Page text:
ANALYSIS-Solar shakeout less likely to hit wafers, silicons
FRANKFURT Feb 10 (Reuters) - Solar energy companies which operate further away from end-customers -- such as wafer and silicon producers -- are likely to fare better during a looming shakeout in the sector than their cell and module-making peers.
In recent years, solar companies have enjoyed significant growth rates and a keen appetite from investors. But the crisis in financial markets has taken its toll on the industry and a falling oil price has curbed demand for renewables, prompting analysts and industry experts to predict a wide-ranging consolidation is around the corner.
This is less likely to hit high-quality producers of wafer and silicon -- both needed to make solar cells -- than cell and module makers suffering from low prices and oversupply, analysts say.
"Producers of wafer and silicon will come out as the likely winners from the shakeout as they are under less pricing pressure than the cell and module producers," said Bjoern Glueck, portfolio manager at Lupus alpha which has 1.3 billion euros ($1.69 billion) under management in European micro-, small- and mid-cap stocks.
Analysts at HSBC forecast average selling prices for solar systems will drop by about a fifth in 2009 given oversupply and a tighter credit environment, but prices for cells and modules have so far fallen much faster than those for silicon and wafer. Several industry bellwethers, such as cell producers Q-Cells QCEG.DE and Sharp (6753.T) as well as module maker Solon SOOG.DE have had to revise outlooks.
"While we forecast margin erosion through the whole solar value chain, we believe investors should focus on the beginning of the value chain given longer-term contracts, more stable cash flows and the tighter supply/demand balance," HSBC analysts wrote.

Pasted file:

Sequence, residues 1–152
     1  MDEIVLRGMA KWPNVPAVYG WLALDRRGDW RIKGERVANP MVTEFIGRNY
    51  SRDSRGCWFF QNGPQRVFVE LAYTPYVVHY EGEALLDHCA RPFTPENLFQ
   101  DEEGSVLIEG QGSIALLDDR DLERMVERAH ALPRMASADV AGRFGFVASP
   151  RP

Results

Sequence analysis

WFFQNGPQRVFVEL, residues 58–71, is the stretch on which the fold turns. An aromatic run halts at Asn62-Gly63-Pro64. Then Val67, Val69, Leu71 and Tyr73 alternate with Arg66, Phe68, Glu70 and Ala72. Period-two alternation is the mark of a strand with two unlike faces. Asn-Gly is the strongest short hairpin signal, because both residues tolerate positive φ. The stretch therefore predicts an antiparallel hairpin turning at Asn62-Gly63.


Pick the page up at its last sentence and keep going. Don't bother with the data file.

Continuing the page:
They say that in the long term this will favour silicon producers with low-cost operations such as Germany's Wacker Chemie (WCHG.DE) and Hemlock Semiconductor Corp, a joint venture of Dow Corning [DOWCR.UL], Shin-Etsu Handotai [SHNETB.UL] and Mitsubishi Materials Corp (5711.T).
Valuations back up this view. Wacker Chemie, a wafer producer, trades at 8.5 times estimated 12-month forward earnings, according to StarMine, a premium to module makers such as Solon at 4.5 times or Aleo Solar (AS1Gn.DE) at 6.1 times.
At 12.1 times 12-month forward earnings, Norwegian silicon maker Renewable Energy Corporation ASA (REC.OL), too, trades at a large premium to Chinese solar cell maker JA Solar Holdings (JASO.O), which trades at 6.9 times.
But experts also said that all-rounders that operate in several parts of the solar sector are also less likely to fall victim to the crisis, said Arthur Hoffmann, who manages the New Power Fund at Bank Sarasin & Cie AG BSAN.S, with about 200 million euros under management.
"It's those companies that have the highest margins and that are active in more than one sector of the solar value chain, such as SolarWorld (SWVG.DE), Sunpower (SUNP.SI), and First Solar (FSLR.O)," Hoffmann said.
SolarWorld, which manufactures everything from solar-grade silicon to solar cells and solar panels, trades at 11.5 times 12-month forward earnings and Sunpower and First Solar trade at 14 and 20.8 times, respectively.
However, despite the current issues in the sector -- which analysts believe will lead to wide-ranging consolidation -- the industry remains one with "longer term potential", as JP Morgan wrote in a note.
In fact, there are first signs of an overall recovery of the industry with regard to project funding. Executives including Phoenix Solar (PS4G.DE) Chief Executive Andreas Haenel said that financing conditions have improved from the dire fourth quarter of 2008 and that banks' willingness to grant credit lines for solar projects have grown. [ID:nWEA3740]
U.S. peer GT Solar SOLR.O hit a similar note last week, saying financing conditions in major growth market China had improved over the last two months, comments that led to a positive read-across for German companies. [ID:nL4671500] ($1=.7672 Euro) (Additional reporting by Nichola Groom in Los Angeles; Editing by Jon Loades-Carter)
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